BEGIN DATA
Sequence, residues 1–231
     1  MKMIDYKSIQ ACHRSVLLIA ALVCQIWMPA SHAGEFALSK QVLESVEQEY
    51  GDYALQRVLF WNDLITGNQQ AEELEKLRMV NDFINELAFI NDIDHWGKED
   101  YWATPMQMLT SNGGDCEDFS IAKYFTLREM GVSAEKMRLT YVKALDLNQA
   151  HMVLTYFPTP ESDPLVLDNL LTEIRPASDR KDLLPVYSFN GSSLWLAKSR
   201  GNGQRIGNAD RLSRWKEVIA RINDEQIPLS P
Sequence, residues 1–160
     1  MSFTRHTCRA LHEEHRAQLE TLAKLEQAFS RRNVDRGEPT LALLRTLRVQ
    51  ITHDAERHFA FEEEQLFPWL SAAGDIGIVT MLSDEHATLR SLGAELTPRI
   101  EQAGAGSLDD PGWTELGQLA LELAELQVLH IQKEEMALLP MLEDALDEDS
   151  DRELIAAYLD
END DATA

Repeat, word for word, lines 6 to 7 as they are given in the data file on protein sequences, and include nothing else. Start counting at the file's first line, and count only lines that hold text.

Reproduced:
   201  GNGQRIGNAD RLSRWKEVIA RINDEQIPLS P
Sequence, residues 1–160